Neutrogena’s knuckles rapped over anti-wrinkle claims

By Andrew McDougall

- Last updated on GMT

Related tags: Skin

The National Advertising Division (NAD) has warned skin care brand Neutrogena against making unsubstantiated claims about one of its anti-aging products.

Despite the cosmetics company backing up some of its claims, the US advertising watchdog has taken issue with certain claims and recommended that Neutrogena modify or discontinue them.

NAD took issue with claims made about the Rapid Wrinkle Repair product, particularly as it felt the advertising conveyed the message that the product was ‘clinically proven’ to eliminate wrinkles in ‘just one week’.

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It suggested Neutrogena modify this claim to avoid conveying the unsupported message that wrinkles are substantially reduced or eliminated in one week and to specify that the greatest improvements were seen in the reduction of fine lines and photo damage.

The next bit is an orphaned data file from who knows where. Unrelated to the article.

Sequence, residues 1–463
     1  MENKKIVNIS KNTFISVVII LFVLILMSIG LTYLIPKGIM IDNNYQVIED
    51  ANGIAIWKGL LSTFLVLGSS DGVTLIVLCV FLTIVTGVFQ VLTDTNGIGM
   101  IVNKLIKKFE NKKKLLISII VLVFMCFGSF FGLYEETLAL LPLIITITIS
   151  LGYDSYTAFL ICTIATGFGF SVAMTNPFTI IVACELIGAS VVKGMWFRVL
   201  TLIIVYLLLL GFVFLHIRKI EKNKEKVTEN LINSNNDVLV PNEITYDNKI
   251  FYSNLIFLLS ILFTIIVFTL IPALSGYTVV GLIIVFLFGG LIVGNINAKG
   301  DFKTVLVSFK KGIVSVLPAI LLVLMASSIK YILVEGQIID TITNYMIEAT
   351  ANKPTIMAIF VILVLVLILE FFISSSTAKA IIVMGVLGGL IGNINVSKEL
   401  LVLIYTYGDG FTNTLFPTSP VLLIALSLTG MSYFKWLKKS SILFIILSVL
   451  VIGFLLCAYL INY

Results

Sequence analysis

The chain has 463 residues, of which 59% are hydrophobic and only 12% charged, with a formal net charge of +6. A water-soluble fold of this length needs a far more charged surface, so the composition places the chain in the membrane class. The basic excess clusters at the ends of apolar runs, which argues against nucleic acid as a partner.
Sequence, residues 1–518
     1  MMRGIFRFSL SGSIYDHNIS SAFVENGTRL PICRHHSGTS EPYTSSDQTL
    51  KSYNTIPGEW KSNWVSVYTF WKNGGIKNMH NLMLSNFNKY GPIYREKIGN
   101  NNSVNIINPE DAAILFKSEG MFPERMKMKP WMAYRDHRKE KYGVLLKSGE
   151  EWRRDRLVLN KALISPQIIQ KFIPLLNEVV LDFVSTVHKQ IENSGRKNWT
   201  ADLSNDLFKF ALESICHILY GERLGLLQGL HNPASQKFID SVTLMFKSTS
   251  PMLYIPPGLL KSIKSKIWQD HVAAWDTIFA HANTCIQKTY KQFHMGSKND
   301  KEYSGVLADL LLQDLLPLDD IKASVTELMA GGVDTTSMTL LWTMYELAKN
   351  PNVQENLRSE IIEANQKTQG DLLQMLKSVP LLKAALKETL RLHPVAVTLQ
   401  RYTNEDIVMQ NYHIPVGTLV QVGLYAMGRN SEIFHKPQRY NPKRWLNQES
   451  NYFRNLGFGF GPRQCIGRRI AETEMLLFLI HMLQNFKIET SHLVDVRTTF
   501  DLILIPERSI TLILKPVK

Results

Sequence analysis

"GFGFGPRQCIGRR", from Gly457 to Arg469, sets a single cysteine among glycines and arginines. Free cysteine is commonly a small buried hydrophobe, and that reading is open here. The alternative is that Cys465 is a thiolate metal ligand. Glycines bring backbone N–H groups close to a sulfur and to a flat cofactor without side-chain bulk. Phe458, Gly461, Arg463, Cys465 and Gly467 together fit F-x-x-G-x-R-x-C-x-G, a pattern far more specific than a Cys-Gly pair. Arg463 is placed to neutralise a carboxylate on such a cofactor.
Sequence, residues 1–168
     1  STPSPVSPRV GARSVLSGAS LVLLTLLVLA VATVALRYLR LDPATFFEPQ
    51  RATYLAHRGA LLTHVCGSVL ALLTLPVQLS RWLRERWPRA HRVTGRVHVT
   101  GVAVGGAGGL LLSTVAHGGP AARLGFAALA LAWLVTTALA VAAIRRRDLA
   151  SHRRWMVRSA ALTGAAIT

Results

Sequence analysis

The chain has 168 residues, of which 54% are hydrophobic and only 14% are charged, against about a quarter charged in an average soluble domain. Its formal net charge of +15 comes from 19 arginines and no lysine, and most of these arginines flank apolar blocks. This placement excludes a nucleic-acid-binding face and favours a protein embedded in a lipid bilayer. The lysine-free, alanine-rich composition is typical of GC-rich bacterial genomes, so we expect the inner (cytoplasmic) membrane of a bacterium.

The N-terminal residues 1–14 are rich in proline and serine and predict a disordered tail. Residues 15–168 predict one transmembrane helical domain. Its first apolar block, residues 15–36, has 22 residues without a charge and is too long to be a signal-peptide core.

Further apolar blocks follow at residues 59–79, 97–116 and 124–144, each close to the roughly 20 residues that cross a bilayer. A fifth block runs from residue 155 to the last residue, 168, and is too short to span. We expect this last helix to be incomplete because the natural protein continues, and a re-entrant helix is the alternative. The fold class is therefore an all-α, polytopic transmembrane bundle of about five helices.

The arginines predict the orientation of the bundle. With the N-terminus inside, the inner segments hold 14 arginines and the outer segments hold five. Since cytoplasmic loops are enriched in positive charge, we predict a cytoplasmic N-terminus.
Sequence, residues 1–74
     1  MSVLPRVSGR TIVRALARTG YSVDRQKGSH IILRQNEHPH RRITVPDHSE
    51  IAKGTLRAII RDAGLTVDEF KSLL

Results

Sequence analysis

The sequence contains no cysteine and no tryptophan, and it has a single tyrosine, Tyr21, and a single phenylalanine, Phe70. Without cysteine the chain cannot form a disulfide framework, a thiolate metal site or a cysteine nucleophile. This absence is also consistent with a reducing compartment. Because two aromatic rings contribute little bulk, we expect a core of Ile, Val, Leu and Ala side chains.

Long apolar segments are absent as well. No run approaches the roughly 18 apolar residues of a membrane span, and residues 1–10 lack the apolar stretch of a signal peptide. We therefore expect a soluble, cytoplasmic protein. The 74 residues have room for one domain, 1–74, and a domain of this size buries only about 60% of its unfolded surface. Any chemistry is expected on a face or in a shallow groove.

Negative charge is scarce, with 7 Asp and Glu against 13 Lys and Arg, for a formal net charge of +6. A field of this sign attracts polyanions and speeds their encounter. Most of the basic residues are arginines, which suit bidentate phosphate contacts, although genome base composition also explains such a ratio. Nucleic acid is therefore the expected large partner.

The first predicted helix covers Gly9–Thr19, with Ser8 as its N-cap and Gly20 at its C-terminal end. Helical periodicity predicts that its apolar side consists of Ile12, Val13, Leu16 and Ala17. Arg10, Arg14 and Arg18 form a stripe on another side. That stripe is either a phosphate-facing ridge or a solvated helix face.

NAD also recommended the skin care company discontinue the claim that ‘most anti-wrinkle creams disappear long before the wrinkles. Until now.’

In response Neutrogena stated: “we strongly disagree with NAD’s decision… Nonetheless, we will take into consideration the NAD’s decision as we review current and future advertising for the product.”

However the two organizations did see eye-to-eye over claims made about the retinol ingredient contained in the product.

Ingredient claims backed up

NAD noted that Neutrogena’s evidence included the results of well-designed and controlled studies that indicated its product contained the highest amount of retinol available among Neutrogena and certain competing products.

It also accepted that retinol is the number one cosmetic anti-wrinkle ingredient recommended by dermatologists based on its efficacy.

Therefore, the watchdog determined that the claim ‘It has Accelerated Retinol SA, which is the fastest retinol formula available’ was supported.

In its advertiser’s statement, Neutrogena said that it is ‘gratified’ that NAD found it could support certain claims, although the advertising body clarified that the fast-acting nature of the retinol does not substantiate the other claims.

Related topics: Regulation & Safety

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